“It’s not nearly the size of the Orchard [Partners] park, but it is a big play,” Brock said.

Stravinski currently controls 1.4 million square feet of existing industrial space in the area, including 115,000 square feet of excess industrial space at the former Dey Labs complex under a 25-year master lease from the county of Napa. It’s virtually all full, including the Dey space, recently leased to Top It Off Bottling.

“The market is tight, yet it is very fragile,” Brock said. “This is not, ‘They build it, and they will come.’ … It’s so competitive. We don’t do short-term leases. We don’t want to be exposed to economic hardships.”

EMPLOYMENT GROWS NEARLY 3%

The unemployment rate in the Napa County was 4.1 percent in August, about equal to the 4.2 percent rates of the July revision and in August 2015, according to the state Employment Development Department.

Nonfarm jobs rose 2,000, or 2.8 percent, to 73,900 in the 12 months ending in August. Napa County’s tourism-fueled economy had a huge 9.8 percent job jump over 12 months, up 1,300. Total farm jobs were 5,900, up 300, or 5.4 percent, for the year.

OFFICE VACANCY DROPS

The financial crisis left a number of Napa Valley office suites vacant, particularly in Napa itself, and now the market is on the verge of the opposite challenge, according to Michael Moffett, a Coldwell Banker Commercial Brokers of the Valley agent with 29 years of local experience.

From American Canyon to Calistoga, 4.6 percent of 3 million square feet of office space in properties larger than 5,000 square feet was available for lease, based on CoStar data Moffett cited. That’s down from 9 percent, but the drop is even more dramatic inside Napa. The vacancy rate has plummeted to 4.4 percent from almost 20 percent in 2008, when a number of mortgage-related companies pulled out of the city just as new class A buildings such as Napa Square and The Riverfront reached the market. Instead of demand for 3,000–4,000 square feet, lenders have been looking for local offices of 500–1,000 square feet.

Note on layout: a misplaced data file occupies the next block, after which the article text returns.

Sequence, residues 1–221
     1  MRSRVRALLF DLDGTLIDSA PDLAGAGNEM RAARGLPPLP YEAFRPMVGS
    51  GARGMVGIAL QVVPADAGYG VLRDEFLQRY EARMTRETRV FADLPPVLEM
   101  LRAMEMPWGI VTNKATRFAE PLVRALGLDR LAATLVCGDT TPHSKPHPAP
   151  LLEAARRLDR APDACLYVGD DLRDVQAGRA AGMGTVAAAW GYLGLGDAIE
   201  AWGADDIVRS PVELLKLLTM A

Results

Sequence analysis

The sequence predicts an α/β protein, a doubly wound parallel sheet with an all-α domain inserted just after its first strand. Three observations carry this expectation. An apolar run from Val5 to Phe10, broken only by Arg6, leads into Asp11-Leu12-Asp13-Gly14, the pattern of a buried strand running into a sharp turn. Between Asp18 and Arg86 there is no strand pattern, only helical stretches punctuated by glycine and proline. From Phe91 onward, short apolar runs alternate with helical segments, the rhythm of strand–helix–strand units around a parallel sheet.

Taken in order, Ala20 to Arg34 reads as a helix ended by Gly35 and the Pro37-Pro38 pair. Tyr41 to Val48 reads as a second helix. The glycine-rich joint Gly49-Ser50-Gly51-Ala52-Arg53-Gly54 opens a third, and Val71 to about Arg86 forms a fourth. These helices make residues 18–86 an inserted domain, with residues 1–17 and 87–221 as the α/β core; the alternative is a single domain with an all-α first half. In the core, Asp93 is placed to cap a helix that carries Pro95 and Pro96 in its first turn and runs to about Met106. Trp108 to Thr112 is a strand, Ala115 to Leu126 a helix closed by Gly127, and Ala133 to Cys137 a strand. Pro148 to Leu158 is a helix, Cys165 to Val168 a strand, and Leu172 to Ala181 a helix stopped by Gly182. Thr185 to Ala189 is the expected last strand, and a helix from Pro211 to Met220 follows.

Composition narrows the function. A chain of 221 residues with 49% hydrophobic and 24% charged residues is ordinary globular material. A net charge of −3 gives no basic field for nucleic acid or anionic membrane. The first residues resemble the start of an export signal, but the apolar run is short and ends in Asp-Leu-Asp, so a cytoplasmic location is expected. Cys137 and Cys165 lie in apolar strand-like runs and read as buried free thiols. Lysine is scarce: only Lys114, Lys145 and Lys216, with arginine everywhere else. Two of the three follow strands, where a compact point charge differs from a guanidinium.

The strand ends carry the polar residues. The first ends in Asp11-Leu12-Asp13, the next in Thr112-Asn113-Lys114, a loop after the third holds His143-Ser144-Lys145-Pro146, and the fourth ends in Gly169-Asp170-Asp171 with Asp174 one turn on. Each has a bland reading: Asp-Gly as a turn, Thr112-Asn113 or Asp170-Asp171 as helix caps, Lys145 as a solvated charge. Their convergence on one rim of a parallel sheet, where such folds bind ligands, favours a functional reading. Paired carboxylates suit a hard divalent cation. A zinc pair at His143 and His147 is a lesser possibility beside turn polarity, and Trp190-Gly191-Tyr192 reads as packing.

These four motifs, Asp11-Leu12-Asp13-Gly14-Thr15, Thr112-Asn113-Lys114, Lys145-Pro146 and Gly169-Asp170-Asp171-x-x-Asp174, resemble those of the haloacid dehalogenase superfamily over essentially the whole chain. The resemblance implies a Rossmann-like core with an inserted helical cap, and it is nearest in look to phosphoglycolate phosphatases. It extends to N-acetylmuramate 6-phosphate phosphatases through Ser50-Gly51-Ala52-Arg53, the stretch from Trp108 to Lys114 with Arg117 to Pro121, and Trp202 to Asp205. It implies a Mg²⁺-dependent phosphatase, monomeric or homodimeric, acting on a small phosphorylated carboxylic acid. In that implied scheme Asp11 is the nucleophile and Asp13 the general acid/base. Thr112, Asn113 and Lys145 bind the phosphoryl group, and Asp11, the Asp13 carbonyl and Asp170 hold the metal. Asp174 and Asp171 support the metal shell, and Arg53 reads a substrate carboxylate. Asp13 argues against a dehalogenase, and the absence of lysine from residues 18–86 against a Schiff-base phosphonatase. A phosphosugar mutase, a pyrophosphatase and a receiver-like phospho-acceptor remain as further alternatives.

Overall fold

And if the business parks with larger-scale space at the south end of the city are excluded, availability falls further to 1.8 percent of 1.6 million square feet.

“That scares the crap out of me,” Moffett said. “We’re a small-tenant market, and there’s really not anything on the horizon that would accommodate small tenants.”

The typical Napa Valley office tenant shops for 800–1,200 square feet, with regional offices being smaller, and many of the 40–70 leases he brokers a year are about that size. Even if new office buildings were constructed, a significant majority of local couldn’t afford the rents new construction would require.

“If I did 40 leases in the next 12–18 months, there would be no inventory,” Moffett said. “That makes me nervous. Some may want new space. The wine industry is growing, so there is need for back-of-house and sales operations.”

Some of this tightness in the office market in Napa proper comes from the August 2014 earthquake, as city and county departments in quake- and water-damaged buildings had to secure space elsewhere until repairs are complete. He estimates the city’s vacancy rate will grow to 4 percent–5 percent a year from now.

The market for spaces larger than 5,000 square feet in Napa Valley is quite different, and that’s what skews the countywide vacancy higher, Moffett said. In the business parks around Napa County Airport, there are availabilities of around 10,000, 20,000 and 40,000 square feet in buildings not designed to be demised into smaller spaces.

The improvement in the office market peaked around the beginning of this year and may have stalled, spurring off-market proper sales and double-digit increases in rent, Moffett said.

“The latter part of the ride down in the vacancy rate pushed rents up 10 percent to 20 percent, and I think it had started to settle out now,” he said.

Jeff Quackenbush (jquackenbush@busjrnl.com, 707-521-4256) covers construction, commercial real estate and wine.